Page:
Sometimes the pundits are right: the race weekend at Miller Motorsports Park turned out exactly as predicted, with a convincing double victory for Carlos Checa. The Spaniard put in a repeat performance of last year, with the crucial difference that on Monday, he avoided the technical problems that left him stranded by the wayside in both races. Checa was a little slow off the mark in race 1, taking all of 6 laps to take over the lead and run away with the race, the Althea Ducati rider treading carefully in the still chilly and uncertain conditions. Race 2 was a different matter altogether, Checa taking the lead into the first corner and out of sight by the end of the first lap. The Spaniard barely put a foot wrong all weekend, his only mistake being to slip over in the mud while trying to pick up a Ducati flag from a fan to celebrate victory in race 1.
But while Checa's record is impressive - six wins out of ten starts, with two more podiums thrown in for good measure - his 61-point championship lead is down to more than just his own dominance. Number 2 in the championship is Marco Melandri, who had a very mediocre weekend at Miller after a strong outing at Monza. In 3rd place is Max Biaggi, who seems determined to do everything in his power to lose his #1 plate in the most heartbreaking way possible this year.
A drop or two of rain always adds an extra dimension to motorcycle racing, and Sunday at Miller saw more than a drop or two of rain. That rain had a pretty big impact on the order, with riders such as BMW's Leon Haslam, who had struggled in the dry, suddenly finding themselves near the very top in the morning downpour, then dropping back as the conditions improved a little.
In fact, the rain may have inadvertently highlighted BMW's problem: In the dry, Corser was going strongly while Haslam struggled. In the wet, Haslam positively flew while Corser dropped down the order. As the conditions improved, the fates of the two men reversed, Haslam knocked out of Superpole 2 - crashing while trying to push - while Corser secured a spot on the second row of the grid. The settings of one appear not to suit the settings of the other, and that may go some way towards explaining why the development of the S1000RR has been erratic. The electronics, especially, have been the BMW's bugbear, with the complex system that BMW has developed in-house causing the riders, team and engineers plenty of headaches.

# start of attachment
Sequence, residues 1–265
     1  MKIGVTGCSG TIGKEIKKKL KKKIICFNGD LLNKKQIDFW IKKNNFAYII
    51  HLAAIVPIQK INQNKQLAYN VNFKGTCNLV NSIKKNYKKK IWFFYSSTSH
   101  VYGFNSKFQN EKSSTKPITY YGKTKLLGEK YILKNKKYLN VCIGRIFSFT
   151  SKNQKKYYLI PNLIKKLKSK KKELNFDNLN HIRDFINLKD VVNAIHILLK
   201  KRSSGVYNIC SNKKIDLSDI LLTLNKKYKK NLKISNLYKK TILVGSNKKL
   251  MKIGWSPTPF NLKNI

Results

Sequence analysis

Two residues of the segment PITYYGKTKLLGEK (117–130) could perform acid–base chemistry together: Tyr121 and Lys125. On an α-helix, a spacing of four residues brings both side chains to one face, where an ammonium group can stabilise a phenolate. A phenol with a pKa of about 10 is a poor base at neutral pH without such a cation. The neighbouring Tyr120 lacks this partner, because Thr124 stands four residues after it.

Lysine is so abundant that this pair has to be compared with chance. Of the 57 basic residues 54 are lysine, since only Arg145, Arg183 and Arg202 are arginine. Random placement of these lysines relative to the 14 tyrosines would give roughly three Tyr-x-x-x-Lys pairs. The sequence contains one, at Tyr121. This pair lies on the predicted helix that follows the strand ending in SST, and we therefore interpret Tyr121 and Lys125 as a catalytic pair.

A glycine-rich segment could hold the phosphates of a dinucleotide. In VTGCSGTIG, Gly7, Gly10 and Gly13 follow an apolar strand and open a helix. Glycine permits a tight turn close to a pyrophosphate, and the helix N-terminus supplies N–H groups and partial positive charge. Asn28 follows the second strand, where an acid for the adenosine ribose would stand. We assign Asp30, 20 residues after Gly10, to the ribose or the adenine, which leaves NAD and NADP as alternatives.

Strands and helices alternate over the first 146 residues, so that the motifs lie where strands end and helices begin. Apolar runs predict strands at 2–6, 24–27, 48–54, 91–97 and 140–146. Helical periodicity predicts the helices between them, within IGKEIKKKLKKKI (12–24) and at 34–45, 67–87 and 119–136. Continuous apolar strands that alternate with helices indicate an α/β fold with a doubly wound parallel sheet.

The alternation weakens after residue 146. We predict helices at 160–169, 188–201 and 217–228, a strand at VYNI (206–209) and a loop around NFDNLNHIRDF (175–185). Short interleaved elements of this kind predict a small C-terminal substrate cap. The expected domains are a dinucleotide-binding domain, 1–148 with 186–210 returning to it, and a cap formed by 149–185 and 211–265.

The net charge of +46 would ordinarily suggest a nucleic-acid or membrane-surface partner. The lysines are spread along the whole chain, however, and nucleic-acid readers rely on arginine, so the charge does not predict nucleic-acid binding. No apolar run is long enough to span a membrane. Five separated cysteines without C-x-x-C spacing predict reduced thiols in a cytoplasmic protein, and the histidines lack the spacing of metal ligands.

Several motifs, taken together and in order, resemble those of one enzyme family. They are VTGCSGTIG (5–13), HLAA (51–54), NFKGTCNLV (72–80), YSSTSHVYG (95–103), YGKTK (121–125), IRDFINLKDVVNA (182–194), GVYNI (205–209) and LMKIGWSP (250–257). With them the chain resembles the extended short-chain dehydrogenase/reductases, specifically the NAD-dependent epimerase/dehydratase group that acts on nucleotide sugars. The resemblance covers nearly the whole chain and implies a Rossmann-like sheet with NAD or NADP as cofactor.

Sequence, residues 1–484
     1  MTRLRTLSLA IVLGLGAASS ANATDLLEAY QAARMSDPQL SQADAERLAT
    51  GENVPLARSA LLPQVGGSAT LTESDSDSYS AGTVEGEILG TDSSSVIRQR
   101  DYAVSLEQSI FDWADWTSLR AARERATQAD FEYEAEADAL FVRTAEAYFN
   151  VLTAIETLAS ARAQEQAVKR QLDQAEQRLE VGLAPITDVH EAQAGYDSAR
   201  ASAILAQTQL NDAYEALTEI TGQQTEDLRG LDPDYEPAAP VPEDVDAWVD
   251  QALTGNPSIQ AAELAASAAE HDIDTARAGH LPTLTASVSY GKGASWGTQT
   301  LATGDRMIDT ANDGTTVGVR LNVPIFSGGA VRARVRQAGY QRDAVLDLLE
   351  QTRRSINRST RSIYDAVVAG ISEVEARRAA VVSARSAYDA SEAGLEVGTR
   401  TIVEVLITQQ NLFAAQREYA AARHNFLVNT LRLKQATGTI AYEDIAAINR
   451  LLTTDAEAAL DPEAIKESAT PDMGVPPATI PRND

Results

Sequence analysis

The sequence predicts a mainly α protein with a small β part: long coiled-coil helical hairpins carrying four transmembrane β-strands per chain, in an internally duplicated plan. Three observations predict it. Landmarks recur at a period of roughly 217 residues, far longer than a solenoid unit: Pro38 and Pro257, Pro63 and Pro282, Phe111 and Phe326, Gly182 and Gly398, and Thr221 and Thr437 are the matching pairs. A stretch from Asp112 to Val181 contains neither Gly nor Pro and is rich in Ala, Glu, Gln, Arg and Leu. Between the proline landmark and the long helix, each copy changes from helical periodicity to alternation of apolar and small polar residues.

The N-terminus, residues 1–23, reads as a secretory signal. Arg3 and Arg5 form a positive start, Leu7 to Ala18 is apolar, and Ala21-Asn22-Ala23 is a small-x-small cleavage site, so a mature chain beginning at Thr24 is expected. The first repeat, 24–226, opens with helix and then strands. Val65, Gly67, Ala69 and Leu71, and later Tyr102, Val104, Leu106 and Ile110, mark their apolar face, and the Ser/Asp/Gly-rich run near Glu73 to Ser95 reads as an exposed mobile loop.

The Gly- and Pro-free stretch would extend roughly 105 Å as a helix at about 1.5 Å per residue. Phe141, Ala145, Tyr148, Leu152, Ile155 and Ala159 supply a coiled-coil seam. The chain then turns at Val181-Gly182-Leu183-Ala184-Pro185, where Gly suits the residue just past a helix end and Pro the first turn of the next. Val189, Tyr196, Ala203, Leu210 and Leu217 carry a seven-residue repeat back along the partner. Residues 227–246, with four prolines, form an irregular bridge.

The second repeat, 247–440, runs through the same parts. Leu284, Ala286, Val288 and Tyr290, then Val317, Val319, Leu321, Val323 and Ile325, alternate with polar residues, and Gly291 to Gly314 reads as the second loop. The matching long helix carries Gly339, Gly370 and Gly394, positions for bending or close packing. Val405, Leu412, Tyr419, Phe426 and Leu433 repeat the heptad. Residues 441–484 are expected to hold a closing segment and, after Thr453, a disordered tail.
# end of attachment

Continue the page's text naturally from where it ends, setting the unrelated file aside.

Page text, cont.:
Carlos Checa picked up on the first day at Miller where he left off after last year's race: running at the front but plagued by technical problems. The Spaniard dominated here last year, but was forced to pull out of both races when his Althea Ducati packed up. So it was a little bit worrying for Checa when, after blitzing straight to the top of the timesheets in FP1, Checa's 1198R packed up on him, with what was apparently diagnosed as an electrical problem. Going out on the second bike, Checa continued to dominate, until his bike packed up a second time in the same session, this time reportedly with gearbox problems.
Despite the painful echoes of 2010, Checa was back out in the afternoon, this time ending the first session of qualifying without any technical dramas, but with an advantage of nearly eight-tenths of a second over the nearest competition. The Spaniard was merciless from the start: his first flying lap during qualifying was faster than any other rider had managed during FP2, and he got quicker from there, eventually getting to within a couple of tenths of the race lap record. If the bike stays in one piece, it's going to be hard to beat Checa at Miller - if the weather stays dry, of course.
Yet another press release, this one from Yamaha's World Superbike and World Supersport teams previewing the Assen round: